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Article     |     Next >>   Contents Vol 40(1)

Contribution of illegal hunting, culling of pest species, road accidents and feral dogs to biodiversity loss in established oil-palm landscapes

Badrul Azhar A B D , David Lindenmayer A , Jeff Wood A , Joern Fischer C , Adrian Manning A , Chris McElhinny A and Mohamed Zakaria B

A The Fenner School of Environment and Society, ANU College of Medicine, Biology, and Environment, The Australian National University, Canberra, ACT 0200, Australia.
B Department of Forest Management, Faculty of Forestry, Universiti Putra Malaysia, 43400 UPM Serdang, Selangor, Malaysia.
C Faculty of Sustainability, Leuphana University Lueneburg, 21335 Lueneburg, Germany.
D Corresponding author. Email: badrul.sharif@anu.edu.au

Wildlife Research 40(1) 1-9 http://dx.doi.org/10.1071/WR12036
Submitted: 17 February 2012  Accepted: 20 November 2012   Published: 12 December 2012


 
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Abstract

Context: Understanding the ecological impacts of the palm-oil industry on native fauna requires information on anthropogenic threats that may cause species decline or local extinction.

Aim: The main aim of the study was to assess wildlife deaths caused by illegal hunting, road accidents and introduced predators in established oil-palm landscapes in Peninsular Malaysia.

Methods: Between April and October 2009, we interviewed 362 oil-palm workers at 36 sites, including large industrial estates and semi-traditional smallholdings.

Key results: Our results showed that (1) illegal hunting by oil-palm workers in different oil-palm management systems was not statistically significant (P = 0.097), (2) native fauna were more often destroyed as pests in smallholdings than in conventional and eco-friendly plantation estates (P = 0.005), (3) non-local poachers conducted illegal activity more often in smallholdings than in conventional and eco-friendly plantation estates (P = 0.011), (4) road accidents were reported to kill more native fauna in conventional plantation estates than in smallholdings and eco-friendly plantation estates (P < 0.001) and (5) feral dogs were reported as killing more native fauna in eco-friendly plantation estates than in conventional plantation estates and smallholdings (P = 0.034).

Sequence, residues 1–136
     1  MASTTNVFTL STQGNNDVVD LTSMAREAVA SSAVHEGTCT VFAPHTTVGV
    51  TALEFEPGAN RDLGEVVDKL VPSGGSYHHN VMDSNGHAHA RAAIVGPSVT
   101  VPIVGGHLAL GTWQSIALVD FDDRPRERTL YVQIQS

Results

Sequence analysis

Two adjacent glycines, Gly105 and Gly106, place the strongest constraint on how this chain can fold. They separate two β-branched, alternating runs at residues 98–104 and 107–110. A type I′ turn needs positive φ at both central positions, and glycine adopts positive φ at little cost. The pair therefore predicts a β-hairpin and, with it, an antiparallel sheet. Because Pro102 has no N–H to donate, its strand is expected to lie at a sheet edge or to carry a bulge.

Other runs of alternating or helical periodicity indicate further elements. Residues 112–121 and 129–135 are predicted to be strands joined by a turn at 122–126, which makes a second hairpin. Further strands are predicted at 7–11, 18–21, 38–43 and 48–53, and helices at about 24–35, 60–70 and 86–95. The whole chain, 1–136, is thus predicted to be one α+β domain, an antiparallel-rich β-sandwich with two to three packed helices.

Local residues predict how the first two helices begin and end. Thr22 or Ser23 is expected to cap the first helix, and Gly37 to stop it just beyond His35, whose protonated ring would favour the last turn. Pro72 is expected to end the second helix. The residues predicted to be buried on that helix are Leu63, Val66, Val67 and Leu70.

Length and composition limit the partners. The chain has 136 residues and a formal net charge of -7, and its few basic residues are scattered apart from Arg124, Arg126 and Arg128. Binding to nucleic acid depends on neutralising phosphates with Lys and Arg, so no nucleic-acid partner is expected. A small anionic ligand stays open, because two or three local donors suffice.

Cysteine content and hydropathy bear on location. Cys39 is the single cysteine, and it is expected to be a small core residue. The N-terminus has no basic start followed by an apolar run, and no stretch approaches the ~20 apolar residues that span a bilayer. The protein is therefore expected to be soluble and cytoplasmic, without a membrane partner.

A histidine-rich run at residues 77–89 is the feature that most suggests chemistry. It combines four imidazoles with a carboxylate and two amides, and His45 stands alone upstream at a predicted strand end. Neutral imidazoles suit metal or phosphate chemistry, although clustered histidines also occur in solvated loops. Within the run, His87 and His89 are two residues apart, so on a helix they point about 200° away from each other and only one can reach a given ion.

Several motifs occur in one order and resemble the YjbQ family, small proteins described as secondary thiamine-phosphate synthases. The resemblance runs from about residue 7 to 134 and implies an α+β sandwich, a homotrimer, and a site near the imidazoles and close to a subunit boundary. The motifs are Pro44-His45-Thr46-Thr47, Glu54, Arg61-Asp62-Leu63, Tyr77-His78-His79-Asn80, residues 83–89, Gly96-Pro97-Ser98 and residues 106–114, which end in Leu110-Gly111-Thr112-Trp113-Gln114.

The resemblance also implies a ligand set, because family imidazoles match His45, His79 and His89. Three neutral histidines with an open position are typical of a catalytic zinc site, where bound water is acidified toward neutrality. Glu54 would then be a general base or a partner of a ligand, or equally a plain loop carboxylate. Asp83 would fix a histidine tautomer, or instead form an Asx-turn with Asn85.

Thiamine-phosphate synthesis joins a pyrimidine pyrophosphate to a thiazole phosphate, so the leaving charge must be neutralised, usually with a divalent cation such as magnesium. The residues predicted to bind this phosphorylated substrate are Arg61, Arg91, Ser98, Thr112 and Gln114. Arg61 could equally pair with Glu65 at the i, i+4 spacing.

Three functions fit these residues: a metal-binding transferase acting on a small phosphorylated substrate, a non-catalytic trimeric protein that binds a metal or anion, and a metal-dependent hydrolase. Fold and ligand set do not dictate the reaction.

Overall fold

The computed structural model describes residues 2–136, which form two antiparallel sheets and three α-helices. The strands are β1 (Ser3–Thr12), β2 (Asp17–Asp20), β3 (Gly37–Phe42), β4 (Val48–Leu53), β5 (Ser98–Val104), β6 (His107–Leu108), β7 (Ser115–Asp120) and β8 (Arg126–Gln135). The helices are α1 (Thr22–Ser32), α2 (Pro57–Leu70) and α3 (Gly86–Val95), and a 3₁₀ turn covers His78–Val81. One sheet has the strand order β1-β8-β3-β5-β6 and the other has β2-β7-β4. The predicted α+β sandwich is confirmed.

Conclusion: In addition to the conversion of native forest to oil-palm monocultures, various other anthropogenic threats can have a substantial effect on wildlife in oil-palm landscapes.

Implications: To improve the conservation value of oil-palm landscapes, we recommend that palm-oil stakeholders should implement anti-poaching patrols, organise conservation programs to educate workers, reduce vehicle speeds on roads within oil-palm landscapes, and control local populations of feral dogs.

Additional keywords: anthropogenic threats, conventional plantation estates, eco-friendly plantation estates, semi-traditional smallholdings.


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